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Friday, July 03, 2009

State Department’s David Foran Discusses Fighting Piracy

State Department’s David Foran Discusses Fighting Piracy:
[Mary Furnivall]: Why is it so difficult to stem pirate activity off the coast of East Africa? For example, off the coast of Somalia, I understand the pirates launch zodiac-type boats off a mother ship. With our satelitte technology, why cant we stop these mother ships?

A [David Foran]: The biggest problem is the huge area that pirates operate in. Mother ships are often pirated fishing boats that have crew members held as hostages. These vessels can be difficult to track. Again, there are limited assets available to try to track pirates.

Q [cairoirc@state.gov]: Do you think if the stution on Somali changed this will help

A [David Foran]: Yes, I think everyone agrees that the ultimate solution to piracy lies on the land with a stable Somali government.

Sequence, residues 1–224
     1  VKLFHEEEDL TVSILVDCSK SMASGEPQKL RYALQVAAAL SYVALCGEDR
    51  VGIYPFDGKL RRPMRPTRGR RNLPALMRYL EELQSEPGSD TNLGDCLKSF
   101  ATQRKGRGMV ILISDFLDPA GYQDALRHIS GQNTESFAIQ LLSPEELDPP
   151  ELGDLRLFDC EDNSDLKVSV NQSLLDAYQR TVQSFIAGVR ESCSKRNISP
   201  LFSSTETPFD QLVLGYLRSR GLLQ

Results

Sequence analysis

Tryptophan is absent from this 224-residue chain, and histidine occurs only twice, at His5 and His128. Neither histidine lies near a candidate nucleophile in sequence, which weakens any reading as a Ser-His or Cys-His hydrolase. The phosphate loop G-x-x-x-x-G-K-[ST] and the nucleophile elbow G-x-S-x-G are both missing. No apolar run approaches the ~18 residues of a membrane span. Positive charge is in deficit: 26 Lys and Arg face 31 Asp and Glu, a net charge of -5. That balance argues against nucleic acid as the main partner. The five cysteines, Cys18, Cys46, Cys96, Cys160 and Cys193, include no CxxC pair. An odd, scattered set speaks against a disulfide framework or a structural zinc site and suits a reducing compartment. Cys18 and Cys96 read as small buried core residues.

Q [cairoirc@state.gov]: Can all the world countries make a law by which they can overcome piracy

A [David Foran]: Most countries currently have laws that allow for the prosecution of pirates. One of our challenges is convincing governments to use these laws to prosecute pirates.

Q [Kenya Son]: Will arming ships get rid of pirates?

A [David Foran]: That's a good question. The short answer is we don't know. The US Coast Guard recently issued guidelines to US flagged vessels that will operate near Somalia advising that they should consider the use of armed or unarmed security. There's a great deal of concern on the part of industry about potential liability arising from the use of armed security.


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